Growing up with Embroidery


Growing up with the world of embroidery is not something everyone gets to do. But it is something that I can say I have done which has taught me many things over the years. When my mom first started learning about embroidery which progressed to launching a business and buying a few big machines I was young and curious. As the years went on I began to also dive into the endless possibilities of embroidery.


To begin, I learned how to use my imagination and even how to communicate better with those around me. This happened when I would see a cool design that someone was wearing or even something that I had seen out in nature. I would often to home and tell my mom about what I had seen during the day and we would come up with something together. This is also where my drawing skills came in handy, because mom always told me that if I can draw a picture, then it can be turned into embroidery. Of course, this lead to me being pretty popular at birthday parties that I was invited to because I would pick something that my friend liked (like maybe their favourite sport) and would work together with my mom to put their name on it by choosing fonts and colours that worked well together with the design we had come up with. This always made going to birthday parties really fun for me because I always knew that my gift would be remembered by others because it was so unique. I eventually became known as the kid whose mom could make some of the coolest gifts ever (which I couldn’t complain about because I always got invited to birthday parties).


Another thing that I got to learn from the world of embroidery is how to actually use the embroidery machines. When I first began helping out my mom with the business I was young and interested in the technology that the machines were equipped with. At that point in time, we only had two machines (now we have four) and I got to learn how to use the 6 needle one when I was eleven years old. Now that was something most kids couldn’t say they knew how to do. Soon enough, I was programming words to be embroidered, changing threads, and even beginning to hoop (with supervision). After I could easily do those tasks, I started to dive into the embroidery programs and how they worked. I spent lots of time beside my mom watching how she was able to turn pictures into embroidery, how she was able to manipulate objects into something amazing. The first program that I used was Embird to set up nametapes (a 5” by 1” strip of material used to identify whomever is wearing it) and then even got to help set up the patches that were going to be embroidered that day. From all of this, I learned first-hand about work ethic, and so when I was working with mom I was putting my all in and giving the tasks at hand my best, but also not being afraid to ask questions when I was unsure of myself.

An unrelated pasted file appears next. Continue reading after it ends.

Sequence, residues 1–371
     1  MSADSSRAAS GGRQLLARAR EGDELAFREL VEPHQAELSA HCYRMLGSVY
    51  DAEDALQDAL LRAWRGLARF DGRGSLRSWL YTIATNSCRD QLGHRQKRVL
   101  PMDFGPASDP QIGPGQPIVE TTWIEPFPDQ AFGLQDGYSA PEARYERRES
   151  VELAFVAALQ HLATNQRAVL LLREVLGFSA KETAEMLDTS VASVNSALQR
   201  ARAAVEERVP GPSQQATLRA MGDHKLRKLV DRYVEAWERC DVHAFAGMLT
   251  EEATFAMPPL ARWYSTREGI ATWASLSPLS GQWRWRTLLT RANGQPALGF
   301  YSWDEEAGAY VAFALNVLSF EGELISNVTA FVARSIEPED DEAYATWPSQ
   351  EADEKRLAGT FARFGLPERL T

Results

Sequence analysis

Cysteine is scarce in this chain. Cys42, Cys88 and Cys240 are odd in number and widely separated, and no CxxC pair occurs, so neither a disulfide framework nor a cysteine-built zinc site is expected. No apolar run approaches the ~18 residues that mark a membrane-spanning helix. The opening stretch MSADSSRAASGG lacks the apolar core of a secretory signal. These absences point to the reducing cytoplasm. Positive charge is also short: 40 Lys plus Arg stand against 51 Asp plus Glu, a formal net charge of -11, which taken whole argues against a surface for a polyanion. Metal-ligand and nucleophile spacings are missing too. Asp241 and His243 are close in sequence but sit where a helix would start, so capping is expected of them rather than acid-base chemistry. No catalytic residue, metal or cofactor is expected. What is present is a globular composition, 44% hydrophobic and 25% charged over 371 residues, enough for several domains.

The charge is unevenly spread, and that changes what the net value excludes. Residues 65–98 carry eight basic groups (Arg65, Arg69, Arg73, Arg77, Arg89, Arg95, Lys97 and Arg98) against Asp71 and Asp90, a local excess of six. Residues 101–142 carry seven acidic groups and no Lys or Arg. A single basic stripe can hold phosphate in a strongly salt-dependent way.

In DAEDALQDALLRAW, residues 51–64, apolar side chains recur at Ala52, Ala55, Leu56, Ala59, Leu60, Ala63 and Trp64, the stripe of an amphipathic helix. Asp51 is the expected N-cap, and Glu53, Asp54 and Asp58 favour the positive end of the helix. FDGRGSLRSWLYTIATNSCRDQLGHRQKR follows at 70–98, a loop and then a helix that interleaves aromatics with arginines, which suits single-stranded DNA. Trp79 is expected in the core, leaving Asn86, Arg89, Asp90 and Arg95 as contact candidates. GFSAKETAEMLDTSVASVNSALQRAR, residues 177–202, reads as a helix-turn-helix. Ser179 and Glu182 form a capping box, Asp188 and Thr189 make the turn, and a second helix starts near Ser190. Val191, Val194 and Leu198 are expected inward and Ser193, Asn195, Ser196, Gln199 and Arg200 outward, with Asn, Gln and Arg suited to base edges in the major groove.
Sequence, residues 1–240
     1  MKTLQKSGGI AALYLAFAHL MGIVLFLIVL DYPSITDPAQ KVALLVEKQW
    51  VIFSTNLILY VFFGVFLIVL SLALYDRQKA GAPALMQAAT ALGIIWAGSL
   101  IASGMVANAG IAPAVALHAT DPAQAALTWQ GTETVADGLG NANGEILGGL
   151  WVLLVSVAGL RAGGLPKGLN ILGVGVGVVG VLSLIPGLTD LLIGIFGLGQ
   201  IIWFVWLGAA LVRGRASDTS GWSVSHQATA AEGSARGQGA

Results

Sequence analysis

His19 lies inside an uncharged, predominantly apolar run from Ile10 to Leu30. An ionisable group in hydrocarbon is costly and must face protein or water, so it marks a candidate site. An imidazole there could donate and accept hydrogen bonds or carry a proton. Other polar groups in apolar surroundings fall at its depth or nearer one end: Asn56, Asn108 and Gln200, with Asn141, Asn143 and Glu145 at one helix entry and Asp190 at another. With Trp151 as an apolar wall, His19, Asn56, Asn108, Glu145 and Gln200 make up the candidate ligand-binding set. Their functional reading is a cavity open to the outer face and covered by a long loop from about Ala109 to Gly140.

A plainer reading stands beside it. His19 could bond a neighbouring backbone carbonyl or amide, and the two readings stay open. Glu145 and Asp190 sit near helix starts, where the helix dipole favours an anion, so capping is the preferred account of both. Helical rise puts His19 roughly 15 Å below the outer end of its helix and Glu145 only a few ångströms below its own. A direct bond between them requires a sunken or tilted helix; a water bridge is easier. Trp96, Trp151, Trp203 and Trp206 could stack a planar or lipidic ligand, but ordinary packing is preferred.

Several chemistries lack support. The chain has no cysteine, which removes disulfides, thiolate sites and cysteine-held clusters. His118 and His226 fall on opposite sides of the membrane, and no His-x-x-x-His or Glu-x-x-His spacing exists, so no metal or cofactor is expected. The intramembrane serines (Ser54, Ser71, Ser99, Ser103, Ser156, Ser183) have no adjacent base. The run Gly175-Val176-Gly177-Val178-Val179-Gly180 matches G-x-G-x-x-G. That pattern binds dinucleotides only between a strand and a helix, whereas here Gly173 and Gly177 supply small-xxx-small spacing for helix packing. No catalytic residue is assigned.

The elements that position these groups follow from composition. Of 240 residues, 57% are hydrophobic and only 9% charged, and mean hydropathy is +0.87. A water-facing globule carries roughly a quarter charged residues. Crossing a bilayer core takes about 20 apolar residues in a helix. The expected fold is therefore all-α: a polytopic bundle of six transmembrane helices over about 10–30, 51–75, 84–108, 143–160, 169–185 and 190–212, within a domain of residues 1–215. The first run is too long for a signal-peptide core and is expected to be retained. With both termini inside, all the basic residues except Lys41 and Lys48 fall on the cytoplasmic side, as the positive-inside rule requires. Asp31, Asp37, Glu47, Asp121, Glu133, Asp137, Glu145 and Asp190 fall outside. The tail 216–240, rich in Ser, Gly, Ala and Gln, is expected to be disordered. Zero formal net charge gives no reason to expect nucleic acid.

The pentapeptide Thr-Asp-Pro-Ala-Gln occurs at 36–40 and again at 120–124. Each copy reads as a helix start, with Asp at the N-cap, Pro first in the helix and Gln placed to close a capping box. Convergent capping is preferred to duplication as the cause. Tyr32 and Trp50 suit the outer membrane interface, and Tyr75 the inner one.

Finally, the last thing that I got to work on learning as I grew older and the business expanded was the world of digitizing. While I do have to admit that this was the most time consuming and potentially frustrating task, it was also the most rewarding. One memory that sticks out when I think of this is when I got to digitize a patch for a group of soldiers, it was a simple one but it took me a few hours of asking questions to be able to produce the patch. After it was test stitched the patch ended up looking really good which made me very proud of all that I had taken the time to learn and do. I still have this patch sitting on my dresser in my room to remind me that my hard work will pay off.


Embroidery has taught me many things as I have grown up, and I am glad to have spent time learning about it. It’s amazing to see just how far this business has come from the beginning and all of the things it has given me such as a stay-at-home mom as I was growing up. Embroidery has ultimately taught me to never give up and to always follow my dreams, that if I put my heart into something, that I can achieve it. What has embroidery done for you?

Wacom Cintiq for embroidery digitizing
Samantha working on a Cintique digitizing

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